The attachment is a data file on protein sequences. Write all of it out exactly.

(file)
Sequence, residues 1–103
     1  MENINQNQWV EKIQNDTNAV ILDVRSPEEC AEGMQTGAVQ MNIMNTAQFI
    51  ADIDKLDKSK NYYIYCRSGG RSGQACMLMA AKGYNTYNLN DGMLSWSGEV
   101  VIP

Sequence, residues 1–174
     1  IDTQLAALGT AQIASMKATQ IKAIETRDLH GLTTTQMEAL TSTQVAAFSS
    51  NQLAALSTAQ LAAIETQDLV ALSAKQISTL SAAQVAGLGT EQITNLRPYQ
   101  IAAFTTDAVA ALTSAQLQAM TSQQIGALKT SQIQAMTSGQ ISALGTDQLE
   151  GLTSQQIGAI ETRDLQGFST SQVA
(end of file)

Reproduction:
Sequence, residues 1–103
     1  MENINQNQWV EKIQNDTNAV ILDVRSPEEC AEGMQTGAVQ MNIMNTAQFI
    51  ADIDKLDKSK NYYIYCRSGG RSGQACMLMA AKGYNTYNLN DGMLSWSGEV
   101  VIP

Sequence, residues 1–174
     1  IDTQLAALGT AQIASMKATQ IKAIETRDLH GLTTTQMEAL TSTQVAAFSS
    51  NQLAALSTAQ LAAIETQDLV ALSAKQISTL SAAQVAGLGT EQITNLRPYQ
   101  IAAFTTDAVA ALTSAQLQAM TSQQIGALKT SQIQAMTSGQ ISALGTDQLE
   151  GLTSQQIGAI ETRDLQGFST SQVA